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Winnemucca

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The development of Winnemucca and surrounding Humboldt County, unlike that of most other settlements in Nevada, was not tied exclusively to the boom-and-bust cycle of the mining industry. The Humboldt River Valley served much of the westward migration to California as a natural path across the Great Basin. The arrival in 1868 of the Central Pacific Railroad, which ran through the valley, enabled the community to avoid complete dependence on mining. Once just a ferry crossing on the banks of the Humboldt River, Winnemucca, named for the great Paiute chief, became the county seat in 1872. The courthouse and the railroad established the settlement as a commercial center.

The construction of other transportation routes through town helped shape its development. The Western Pacific Railroad, which arrived in 1908, ran along the Humboldt River in the northern part of town, bringing commercial activity to Bridge Street. In the early twentieth century U.S. 40, locally known as Winnemucca Boulevard, shifted activity to the center of town between the two railroads. With the completion of I-80 in the 1980s, Winnemucca—approximately halfway between San Francisco and Salt Lake City and halfway between Reno and Elko—became a popular stopping point for truck drivers and tourists.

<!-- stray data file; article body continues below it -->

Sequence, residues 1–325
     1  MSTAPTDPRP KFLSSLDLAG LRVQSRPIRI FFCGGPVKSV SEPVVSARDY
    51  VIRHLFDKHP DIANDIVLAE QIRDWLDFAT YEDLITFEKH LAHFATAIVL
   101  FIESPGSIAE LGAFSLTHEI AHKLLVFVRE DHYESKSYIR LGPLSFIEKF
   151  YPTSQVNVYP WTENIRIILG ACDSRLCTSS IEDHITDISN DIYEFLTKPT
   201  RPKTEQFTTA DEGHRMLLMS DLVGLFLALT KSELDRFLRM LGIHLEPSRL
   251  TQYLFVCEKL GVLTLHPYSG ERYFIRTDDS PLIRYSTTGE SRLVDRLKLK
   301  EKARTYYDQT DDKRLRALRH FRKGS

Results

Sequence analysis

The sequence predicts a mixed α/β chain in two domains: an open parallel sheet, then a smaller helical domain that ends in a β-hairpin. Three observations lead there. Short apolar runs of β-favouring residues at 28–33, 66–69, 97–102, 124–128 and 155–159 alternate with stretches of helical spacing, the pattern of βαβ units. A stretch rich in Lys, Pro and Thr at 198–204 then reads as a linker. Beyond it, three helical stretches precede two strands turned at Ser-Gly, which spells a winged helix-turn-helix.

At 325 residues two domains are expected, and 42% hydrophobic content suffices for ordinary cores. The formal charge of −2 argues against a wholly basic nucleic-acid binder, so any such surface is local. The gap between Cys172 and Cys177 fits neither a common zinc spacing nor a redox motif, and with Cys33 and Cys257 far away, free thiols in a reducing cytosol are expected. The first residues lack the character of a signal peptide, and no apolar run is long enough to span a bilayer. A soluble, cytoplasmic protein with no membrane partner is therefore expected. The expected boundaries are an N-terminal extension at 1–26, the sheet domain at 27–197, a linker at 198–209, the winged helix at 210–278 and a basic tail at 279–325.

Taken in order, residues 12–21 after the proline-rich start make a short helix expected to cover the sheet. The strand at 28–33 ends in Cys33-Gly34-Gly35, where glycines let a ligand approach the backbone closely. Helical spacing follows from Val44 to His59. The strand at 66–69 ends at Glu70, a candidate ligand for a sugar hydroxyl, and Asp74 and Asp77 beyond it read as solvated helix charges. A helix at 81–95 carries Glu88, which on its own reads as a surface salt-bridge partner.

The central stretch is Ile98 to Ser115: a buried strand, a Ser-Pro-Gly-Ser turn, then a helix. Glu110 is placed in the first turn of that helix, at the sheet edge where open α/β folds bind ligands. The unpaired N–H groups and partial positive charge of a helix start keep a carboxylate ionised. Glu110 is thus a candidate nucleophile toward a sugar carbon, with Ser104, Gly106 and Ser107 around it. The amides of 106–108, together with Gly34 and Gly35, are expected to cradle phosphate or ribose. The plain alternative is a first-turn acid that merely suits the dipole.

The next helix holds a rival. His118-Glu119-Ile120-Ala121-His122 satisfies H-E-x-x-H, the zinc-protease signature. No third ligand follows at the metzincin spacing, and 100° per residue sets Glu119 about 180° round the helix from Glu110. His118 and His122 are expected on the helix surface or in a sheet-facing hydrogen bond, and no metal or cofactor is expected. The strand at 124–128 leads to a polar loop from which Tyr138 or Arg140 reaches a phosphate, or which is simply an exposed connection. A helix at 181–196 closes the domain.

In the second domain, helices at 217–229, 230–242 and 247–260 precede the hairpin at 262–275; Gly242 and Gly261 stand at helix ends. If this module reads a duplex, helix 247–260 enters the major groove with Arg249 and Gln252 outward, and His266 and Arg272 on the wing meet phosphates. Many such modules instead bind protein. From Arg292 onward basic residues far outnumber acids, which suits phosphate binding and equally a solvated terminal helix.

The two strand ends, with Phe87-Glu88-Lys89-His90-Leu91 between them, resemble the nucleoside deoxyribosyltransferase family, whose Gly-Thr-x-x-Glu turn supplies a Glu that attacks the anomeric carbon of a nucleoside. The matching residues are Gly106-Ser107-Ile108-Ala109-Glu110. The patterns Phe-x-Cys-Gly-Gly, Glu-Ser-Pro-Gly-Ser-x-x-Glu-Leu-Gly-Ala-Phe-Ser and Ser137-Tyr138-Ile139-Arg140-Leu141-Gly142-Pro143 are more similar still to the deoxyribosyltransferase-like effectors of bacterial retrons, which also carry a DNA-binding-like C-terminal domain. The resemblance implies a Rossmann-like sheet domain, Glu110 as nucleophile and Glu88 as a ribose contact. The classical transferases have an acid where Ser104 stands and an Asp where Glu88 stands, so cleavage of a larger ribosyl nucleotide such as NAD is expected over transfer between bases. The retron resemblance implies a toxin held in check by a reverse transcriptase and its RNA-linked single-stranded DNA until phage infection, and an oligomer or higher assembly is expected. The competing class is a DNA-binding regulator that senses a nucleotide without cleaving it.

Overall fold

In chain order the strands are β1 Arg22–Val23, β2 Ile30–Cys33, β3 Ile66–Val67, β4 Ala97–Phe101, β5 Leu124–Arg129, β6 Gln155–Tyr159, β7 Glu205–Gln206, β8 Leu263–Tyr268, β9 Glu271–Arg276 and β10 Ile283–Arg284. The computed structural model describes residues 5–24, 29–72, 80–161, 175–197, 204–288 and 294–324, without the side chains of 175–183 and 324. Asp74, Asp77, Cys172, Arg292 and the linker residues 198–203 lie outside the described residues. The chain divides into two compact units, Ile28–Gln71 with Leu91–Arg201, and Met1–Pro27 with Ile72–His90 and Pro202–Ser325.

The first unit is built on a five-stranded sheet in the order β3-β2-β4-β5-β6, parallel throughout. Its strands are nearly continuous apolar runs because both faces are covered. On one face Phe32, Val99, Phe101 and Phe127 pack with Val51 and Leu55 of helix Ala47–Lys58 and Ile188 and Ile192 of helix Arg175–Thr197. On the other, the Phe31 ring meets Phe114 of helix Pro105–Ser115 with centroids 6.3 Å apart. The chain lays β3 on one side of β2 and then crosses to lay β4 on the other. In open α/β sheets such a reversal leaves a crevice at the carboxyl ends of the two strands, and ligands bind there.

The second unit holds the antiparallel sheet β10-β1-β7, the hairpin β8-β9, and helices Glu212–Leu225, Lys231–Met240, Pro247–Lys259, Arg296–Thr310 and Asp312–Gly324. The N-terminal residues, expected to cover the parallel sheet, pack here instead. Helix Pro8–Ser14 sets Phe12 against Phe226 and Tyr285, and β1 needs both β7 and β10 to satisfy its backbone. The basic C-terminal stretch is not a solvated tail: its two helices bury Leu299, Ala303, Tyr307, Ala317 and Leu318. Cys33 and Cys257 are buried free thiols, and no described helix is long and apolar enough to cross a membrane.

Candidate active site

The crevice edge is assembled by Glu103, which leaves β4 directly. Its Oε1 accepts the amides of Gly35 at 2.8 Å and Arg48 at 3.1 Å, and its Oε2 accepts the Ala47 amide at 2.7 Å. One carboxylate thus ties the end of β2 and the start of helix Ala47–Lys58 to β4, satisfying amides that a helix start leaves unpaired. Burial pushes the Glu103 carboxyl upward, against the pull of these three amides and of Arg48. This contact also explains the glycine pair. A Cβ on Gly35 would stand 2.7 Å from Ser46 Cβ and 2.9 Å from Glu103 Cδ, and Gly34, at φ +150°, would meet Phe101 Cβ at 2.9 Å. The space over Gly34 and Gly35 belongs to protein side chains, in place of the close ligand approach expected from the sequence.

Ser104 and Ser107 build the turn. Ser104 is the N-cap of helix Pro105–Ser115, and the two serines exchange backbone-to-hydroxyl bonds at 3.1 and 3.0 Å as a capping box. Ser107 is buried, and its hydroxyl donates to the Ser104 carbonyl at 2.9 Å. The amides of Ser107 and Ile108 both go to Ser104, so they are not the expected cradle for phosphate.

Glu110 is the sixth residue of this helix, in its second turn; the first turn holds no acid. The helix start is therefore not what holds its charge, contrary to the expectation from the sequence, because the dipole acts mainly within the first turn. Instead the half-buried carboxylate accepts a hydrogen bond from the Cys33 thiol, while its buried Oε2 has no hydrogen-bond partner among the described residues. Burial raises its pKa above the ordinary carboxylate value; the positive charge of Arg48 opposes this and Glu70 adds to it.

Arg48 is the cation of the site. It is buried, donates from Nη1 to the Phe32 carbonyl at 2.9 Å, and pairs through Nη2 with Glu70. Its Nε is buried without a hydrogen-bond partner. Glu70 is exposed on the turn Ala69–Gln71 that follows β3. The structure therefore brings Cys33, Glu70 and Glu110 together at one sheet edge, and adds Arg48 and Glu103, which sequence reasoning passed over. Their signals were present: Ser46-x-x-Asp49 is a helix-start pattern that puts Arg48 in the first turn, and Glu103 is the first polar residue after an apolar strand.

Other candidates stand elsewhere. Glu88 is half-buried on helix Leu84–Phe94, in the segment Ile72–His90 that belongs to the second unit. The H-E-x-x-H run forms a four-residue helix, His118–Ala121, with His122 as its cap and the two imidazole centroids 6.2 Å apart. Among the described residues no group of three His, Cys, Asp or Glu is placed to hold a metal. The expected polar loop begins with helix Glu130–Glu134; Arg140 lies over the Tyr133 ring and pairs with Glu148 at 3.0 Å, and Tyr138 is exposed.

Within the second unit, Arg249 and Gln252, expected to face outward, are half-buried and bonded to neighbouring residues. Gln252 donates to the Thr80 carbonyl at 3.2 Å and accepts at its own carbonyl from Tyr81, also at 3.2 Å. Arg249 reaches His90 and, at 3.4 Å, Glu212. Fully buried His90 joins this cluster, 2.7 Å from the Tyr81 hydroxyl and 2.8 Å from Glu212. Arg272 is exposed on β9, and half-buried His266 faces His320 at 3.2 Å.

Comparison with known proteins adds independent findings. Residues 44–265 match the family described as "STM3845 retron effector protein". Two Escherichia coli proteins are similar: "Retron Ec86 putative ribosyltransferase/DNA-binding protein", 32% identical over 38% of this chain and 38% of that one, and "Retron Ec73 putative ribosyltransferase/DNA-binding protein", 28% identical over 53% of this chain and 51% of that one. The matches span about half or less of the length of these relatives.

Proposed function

Although Winnemucca was not a mining town, it did feel the effects of great mining booms, particularly the bonanza of Jim Butler's famous strikes in Tonopah in 1900. After the discovery of silver and gold ore in the nearby hills and canyons, Winnemucca became a supply and shipping center for mining. This activity, along with growth to the north, bolstered commerce and precipitated three decades of strong building activity. Many structures from this period remain in downtown Winnemucca.

The town has prospered again with renewed mining activity in the region beginning in the mid-1980s. Since the last decade, its population has more than doubled, from approximately 3,000 to 8,800 (as of 1998). This growth is visible in development at either end of Winnemucca Boulevard and in new housing subdivisions on the north side of the Humboldt River. Nevertheless, the core remains vibrant, with a wide variety of architectural styles and building types represented in a mixture of modest houses, railroad buildings, Basque hotels, casinos, and brothels.

Writing Credits

Author: 
Julie Nicoletta

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